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Bulletin on Retirement and Disability
2020, No. 1                                             A free publication of the NBER                                                Subscribe

Trends in Work and Disability Application among People with Mental Illnesses

Mental illness can involve cognitive dysfunction, including in the areas of attention, executive functioning, processing speed, and social cognition. These deficits, combined with the affective and motivational features of mental illness (such as depressive symptoms and reduced goal orientation), can diminish the labor market productivity of people with mental illnesses. The onset of certain mental illnesses in late adolescence and early adulthood can also disrupt education and early work experience, with life-long effects on productivity.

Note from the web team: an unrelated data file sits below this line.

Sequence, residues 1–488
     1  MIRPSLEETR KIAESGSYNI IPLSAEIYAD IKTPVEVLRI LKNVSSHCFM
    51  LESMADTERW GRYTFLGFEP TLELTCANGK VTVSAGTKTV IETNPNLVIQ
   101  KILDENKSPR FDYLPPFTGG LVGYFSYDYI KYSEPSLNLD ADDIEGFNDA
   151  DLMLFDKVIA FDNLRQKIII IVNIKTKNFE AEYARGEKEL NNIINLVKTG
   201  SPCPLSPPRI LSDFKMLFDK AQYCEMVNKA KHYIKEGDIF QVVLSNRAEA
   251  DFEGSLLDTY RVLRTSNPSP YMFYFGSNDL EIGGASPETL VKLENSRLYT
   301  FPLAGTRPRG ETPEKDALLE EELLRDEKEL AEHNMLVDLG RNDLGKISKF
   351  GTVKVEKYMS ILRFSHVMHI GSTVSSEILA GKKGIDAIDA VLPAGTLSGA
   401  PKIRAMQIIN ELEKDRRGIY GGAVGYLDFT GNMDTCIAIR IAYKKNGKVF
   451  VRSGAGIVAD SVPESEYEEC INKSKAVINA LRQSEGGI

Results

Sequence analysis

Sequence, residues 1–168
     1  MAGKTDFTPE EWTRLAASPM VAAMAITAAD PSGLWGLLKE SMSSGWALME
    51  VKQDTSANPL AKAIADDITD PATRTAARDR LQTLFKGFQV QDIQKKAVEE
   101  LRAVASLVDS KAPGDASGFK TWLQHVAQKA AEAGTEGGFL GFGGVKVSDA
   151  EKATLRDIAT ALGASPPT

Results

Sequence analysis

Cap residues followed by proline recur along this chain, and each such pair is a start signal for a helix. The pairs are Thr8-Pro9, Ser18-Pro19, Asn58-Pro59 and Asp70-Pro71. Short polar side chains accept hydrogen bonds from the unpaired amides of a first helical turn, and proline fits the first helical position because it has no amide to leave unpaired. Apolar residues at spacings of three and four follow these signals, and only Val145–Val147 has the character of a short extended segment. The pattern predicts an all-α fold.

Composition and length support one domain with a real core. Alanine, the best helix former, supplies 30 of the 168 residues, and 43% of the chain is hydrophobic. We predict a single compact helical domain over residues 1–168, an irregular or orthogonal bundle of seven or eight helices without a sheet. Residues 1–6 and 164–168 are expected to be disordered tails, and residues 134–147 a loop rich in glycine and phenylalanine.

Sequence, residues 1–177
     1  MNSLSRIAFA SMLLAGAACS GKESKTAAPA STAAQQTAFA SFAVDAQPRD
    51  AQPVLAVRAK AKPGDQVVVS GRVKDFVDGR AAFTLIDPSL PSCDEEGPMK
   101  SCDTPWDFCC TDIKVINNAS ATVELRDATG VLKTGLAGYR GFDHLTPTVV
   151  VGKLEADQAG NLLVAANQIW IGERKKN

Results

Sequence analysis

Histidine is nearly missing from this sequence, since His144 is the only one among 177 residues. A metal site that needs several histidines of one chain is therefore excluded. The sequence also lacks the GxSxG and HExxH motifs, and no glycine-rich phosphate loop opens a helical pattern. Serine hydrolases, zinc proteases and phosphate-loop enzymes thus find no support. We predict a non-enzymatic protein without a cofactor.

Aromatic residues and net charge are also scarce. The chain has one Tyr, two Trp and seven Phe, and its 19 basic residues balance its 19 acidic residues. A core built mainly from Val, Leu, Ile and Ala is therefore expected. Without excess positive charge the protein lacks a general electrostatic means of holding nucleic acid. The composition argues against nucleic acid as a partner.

While the skill impairments associated with mental illness have always made it challenging to integrate people with severe mental illness into the workforce, the changing nature of work may be making this integration more challenging. Automation and technological advancement have reduced the demand for workers who perform routine cognitive and non-cognitive tasks. If people with mental illness are disproportionately employed in such jobs, it may become more difficult over time for them to find work and to gain the financial independence and therapeutic benefits that work can bring.